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Wells Fargo Fined $250M for ‘Unacceptable’ Failings on Lending

US regulator assesses $250 million penalty and places restriction on bank’s future activities

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  • Written by  Banking Exchange staff
Wells Fargo Fined $250M for ‘Unacceptable’ Failings on Lending

Wells Fargo faces a $250 million fine from the Office of the Comptroller of the Currency (OCC) in relation to deficiencies in its home lending loss mitigation program.

The OCC announced the action last week, making it the latest in a series of heavy regulatory fines faced by the bank.

The regulator said the bank failed to set up a sufficient loss mitigation program for its mortgage lending business. Michael Hsu, acting comptroller of the currency, called the breaches “unacceptable”.

In addition to the fine, the OCC has demanded that Wells Fargo take “broad and comprehensive corrective actions” to improve the execution, risk management and oversight of the bank’s loss mitigation program.

Until it does so, it will not be allowed to acquire certain third-party residential mortgage servicing business, the OCC said. It also called for the bank to ensure that borrowers are “not transferred out of the bank’s loan servicing portfolio until remediation is provided, except as required by an investor pursuant to a contractual right”.

Hsu added: “The OCC will continue to use all the tools at our disposal, including business restrictions, to ensure that national banks address problems in a timely manner, treat customers fairly, and operate in a safe and sound manner.”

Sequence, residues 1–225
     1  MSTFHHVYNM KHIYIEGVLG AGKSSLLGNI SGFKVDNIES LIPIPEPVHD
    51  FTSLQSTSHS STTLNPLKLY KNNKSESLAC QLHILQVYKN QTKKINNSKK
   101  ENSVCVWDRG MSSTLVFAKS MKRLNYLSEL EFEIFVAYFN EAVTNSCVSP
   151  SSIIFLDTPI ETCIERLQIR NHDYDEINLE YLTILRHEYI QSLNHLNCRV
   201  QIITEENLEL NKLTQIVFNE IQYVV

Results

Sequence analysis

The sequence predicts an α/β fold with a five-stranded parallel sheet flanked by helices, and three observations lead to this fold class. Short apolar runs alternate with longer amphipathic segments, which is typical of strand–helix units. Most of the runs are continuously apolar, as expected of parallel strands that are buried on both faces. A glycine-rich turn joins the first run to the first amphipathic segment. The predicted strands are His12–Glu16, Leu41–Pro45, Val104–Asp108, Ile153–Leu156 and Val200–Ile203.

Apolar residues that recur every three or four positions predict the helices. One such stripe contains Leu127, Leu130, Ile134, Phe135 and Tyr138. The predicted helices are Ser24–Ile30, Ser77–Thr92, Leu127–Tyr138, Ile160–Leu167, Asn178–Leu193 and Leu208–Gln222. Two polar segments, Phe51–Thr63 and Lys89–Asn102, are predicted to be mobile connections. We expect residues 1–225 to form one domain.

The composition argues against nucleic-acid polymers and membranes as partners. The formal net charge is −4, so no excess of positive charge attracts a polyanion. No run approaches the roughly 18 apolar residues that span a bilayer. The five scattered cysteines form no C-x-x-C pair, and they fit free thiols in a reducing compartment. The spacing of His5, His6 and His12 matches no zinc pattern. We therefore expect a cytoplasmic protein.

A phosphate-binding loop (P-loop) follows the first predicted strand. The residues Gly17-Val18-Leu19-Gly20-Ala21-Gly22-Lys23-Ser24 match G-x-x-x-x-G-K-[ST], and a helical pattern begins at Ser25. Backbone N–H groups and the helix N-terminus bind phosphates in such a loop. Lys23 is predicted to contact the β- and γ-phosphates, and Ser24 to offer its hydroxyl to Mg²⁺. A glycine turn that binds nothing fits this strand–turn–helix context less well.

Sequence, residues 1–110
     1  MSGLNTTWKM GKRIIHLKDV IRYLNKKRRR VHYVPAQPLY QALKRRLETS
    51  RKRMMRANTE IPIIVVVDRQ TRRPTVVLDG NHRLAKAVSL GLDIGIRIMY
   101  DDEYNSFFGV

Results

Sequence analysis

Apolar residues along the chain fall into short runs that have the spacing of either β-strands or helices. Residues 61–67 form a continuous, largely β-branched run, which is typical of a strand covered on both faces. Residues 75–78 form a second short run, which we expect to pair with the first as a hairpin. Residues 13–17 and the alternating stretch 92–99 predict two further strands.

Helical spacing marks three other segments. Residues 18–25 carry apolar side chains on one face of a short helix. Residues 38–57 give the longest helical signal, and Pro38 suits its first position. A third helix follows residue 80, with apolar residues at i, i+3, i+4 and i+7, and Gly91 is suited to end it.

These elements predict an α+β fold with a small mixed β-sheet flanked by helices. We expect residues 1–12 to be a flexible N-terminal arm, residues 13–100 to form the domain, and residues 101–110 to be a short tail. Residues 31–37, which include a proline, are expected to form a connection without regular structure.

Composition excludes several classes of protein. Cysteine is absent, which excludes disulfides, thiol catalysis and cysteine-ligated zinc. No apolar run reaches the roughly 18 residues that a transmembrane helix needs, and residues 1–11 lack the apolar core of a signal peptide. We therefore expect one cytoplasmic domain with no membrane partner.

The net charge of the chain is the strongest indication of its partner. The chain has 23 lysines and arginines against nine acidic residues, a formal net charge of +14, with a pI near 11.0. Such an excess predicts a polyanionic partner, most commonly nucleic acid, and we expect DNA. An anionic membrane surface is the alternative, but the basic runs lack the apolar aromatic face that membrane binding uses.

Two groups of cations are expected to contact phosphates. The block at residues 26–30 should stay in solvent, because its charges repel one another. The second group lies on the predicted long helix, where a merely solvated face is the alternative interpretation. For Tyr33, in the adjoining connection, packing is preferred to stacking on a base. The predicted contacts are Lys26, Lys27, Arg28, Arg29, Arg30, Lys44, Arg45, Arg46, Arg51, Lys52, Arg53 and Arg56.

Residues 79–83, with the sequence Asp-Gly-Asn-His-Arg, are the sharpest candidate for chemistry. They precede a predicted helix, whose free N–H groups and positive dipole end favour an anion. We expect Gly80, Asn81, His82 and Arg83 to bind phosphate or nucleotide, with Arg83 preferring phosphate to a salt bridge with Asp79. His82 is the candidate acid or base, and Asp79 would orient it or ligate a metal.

In response to the announcement, Charlie Scharf, Wells Fargo’s CEO, said: “Building an appropriate risk and control infrastructure has been and remains Wells Fargo’s top priority. The OCC’s actions today point to work we must continue to do to address significant, longstanding deficiencies.”

He added that progress on addressing regulatory and compliance issues would “not follow a straight line” given the size and complexity of some problems.

“We are managing multiple issues concurrently, and progress will come alongside setbacks,” said Scharf. “That said, we believe we’re making significant progress, the work required is clear, and I remain confident in our ability to complete it.”

Scharf also highlighted that a regulatory notice issued by the Consumer Financial Protection Bureau (CFPB) in September 2016 regarding its retail sale practices had expired, which he said was “representative of progress we are making”.

He added: “We have done substantial work designed to ensure that the conduct at the core of the consent order – which was reprehensible and wholly inconsistent with the values on which this company was built – will not recur.”

The OCC penalty will be paid to the US Treasury.

While not the biggest fine in banking history, the $250 million penalty follows a 2012 fine totalling $25 billion levied against five banks, including Wells Fargo, for alleged foreclosure processing abuses.

A year later, the bank was among 13 that collectively paid $9.3 billion to settle similar foreclosure-related abuses.

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